grace (n.) 2
virtue, good quality
2H4 V.v.55 [King Henry V to Falstaff] Make less thy body hence, and more thy grace
3H6 IV.viii.48 [King to Exeter, of his virtues] these graces challenge grace [i.e. they demand respect]
H5 I.ii.243 [King Henry to Ambassador, of himself] a Christian king, / Unto whose grace our passion is ... subject
H8 I.i.59 [Norfolk to Buckingham, of ancestry] whose grace / Chalks successors their way
H8 I.ii.122 [King Henry to Queen Katherine, of Buckingham] he ... / Hath into monstrous habits put the graces / That once were his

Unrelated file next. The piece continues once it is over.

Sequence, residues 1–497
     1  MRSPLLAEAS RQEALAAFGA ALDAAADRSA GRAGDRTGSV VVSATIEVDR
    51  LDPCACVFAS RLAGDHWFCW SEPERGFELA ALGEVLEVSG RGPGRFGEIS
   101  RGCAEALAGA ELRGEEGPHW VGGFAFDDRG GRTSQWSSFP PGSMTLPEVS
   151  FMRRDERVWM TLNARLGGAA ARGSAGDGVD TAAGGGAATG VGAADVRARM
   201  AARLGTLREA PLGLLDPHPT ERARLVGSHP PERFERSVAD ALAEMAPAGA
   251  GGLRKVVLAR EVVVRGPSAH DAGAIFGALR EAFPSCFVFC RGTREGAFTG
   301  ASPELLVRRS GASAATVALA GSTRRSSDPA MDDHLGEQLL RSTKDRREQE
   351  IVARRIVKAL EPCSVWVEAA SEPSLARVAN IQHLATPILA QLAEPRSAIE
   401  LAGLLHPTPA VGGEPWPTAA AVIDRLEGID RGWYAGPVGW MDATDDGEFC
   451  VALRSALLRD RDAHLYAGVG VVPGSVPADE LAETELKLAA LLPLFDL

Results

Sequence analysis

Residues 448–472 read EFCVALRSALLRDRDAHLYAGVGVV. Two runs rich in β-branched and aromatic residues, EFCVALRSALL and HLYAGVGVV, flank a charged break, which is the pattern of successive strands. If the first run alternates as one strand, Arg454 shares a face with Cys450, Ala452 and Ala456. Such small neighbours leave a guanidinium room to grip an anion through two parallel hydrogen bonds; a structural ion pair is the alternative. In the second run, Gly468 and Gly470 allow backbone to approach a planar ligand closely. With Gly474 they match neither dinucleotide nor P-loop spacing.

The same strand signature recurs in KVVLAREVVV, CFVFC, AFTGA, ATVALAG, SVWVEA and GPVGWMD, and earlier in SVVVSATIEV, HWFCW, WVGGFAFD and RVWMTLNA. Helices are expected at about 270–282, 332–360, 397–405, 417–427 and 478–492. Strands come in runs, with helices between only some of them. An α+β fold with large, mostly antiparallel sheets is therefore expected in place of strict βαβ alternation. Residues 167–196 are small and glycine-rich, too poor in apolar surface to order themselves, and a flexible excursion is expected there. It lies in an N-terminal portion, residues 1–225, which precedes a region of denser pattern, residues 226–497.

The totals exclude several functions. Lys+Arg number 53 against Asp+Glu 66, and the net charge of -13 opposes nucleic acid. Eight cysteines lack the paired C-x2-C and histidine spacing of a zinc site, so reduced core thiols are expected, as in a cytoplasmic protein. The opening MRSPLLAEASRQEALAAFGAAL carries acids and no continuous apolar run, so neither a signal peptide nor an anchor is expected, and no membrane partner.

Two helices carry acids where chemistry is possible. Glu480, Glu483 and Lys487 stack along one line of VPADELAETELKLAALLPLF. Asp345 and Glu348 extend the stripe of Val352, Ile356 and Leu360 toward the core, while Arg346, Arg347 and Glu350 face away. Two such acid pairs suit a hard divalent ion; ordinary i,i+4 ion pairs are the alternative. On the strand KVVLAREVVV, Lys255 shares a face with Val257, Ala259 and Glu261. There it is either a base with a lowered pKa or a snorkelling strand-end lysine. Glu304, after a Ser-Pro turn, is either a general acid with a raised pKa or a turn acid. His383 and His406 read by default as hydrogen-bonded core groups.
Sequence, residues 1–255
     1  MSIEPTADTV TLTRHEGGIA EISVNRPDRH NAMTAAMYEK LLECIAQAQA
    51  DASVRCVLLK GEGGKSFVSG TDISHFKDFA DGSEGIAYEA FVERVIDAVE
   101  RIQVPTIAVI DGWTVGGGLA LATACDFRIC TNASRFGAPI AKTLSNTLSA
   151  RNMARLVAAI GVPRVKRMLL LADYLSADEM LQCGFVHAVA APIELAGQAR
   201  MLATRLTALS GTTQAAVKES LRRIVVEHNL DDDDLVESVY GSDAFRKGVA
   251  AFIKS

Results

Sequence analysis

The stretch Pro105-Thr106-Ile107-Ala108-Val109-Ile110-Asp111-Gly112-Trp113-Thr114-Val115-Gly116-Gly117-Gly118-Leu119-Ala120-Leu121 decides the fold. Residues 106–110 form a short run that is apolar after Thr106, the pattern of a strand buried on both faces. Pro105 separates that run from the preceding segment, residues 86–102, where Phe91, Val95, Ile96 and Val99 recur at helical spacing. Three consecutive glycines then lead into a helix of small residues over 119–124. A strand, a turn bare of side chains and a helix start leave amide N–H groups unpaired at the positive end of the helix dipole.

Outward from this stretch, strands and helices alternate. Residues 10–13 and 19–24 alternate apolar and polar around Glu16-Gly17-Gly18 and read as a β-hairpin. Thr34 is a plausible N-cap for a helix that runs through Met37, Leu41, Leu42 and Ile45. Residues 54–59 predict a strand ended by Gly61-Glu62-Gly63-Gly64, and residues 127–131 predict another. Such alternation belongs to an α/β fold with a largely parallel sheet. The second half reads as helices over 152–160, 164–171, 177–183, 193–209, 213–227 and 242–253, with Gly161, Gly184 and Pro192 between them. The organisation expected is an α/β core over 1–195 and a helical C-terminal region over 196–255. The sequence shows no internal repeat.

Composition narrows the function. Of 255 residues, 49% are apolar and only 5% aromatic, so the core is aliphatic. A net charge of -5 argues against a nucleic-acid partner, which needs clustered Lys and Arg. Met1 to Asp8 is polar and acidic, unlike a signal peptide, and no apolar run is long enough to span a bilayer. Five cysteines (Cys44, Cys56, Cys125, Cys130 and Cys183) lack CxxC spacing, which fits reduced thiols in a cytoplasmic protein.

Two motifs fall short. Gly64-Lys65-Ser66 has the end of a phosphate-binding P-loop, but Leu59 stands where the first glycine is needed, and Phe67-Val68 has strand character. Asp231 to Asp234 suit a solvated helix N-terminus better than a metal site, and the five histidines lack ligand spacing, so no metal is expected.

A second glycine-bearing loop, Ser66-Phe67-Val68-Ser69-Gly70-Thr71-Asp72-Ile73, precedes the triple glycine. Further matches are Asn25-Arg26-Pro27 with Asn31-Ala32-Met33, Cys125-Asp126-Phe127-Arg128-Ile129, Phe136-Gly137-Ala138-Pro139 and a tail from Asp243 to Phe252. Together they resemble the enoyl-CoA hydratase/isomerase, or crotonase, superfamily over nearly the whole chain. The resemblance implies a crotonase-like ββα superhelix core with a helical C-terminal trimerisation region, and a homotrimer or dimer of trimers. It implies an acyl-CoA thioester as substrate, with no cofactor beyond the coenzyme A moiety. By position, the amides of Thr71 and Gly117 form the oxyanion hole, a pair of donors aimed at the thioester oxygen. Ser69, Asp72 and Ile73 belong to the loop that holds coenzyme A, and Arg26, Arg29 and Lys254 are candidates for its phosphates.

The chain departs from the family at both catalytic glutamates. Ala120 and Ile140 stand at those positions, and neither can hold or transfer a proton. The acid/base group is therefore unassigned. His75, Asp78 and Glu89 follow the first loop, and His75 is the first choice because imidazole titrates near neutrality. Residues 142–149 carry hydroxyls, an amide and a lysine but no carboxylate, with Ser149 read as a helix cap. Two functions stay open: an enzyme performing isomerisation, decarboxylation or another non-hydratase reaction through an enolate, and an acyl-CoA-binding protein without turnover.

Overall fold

Ham I.ii.63 [Claudius to Laertes] thy best graces spend it [time] at thy will
Ham IV.vii.21 [Claudius to Laertes, of Hamlet] Convert his gyves to graces [or: emblems of honour]
R3 II.iv.13 [York to Duchess of York, quoting Richard] Small herbs have grace
R3 II.iv.24 [York to Duchess of York, of Richard] I could have given my uncle's grace a flout / To touch his growth nearer than he touched mine
RJ II.iii.11 [Friar alone] mickle is the powerful grace that lies / In plants
TC I.iii.180 [Ulysses to all, of Patroclus' imitations] All our abilities ... / Severals and generals of grace exact
TC IV.iv.89 [Troilus to Cressida, of the Greeks' virtues] in each grace of these / There lurks a still and dumb-discoursive devil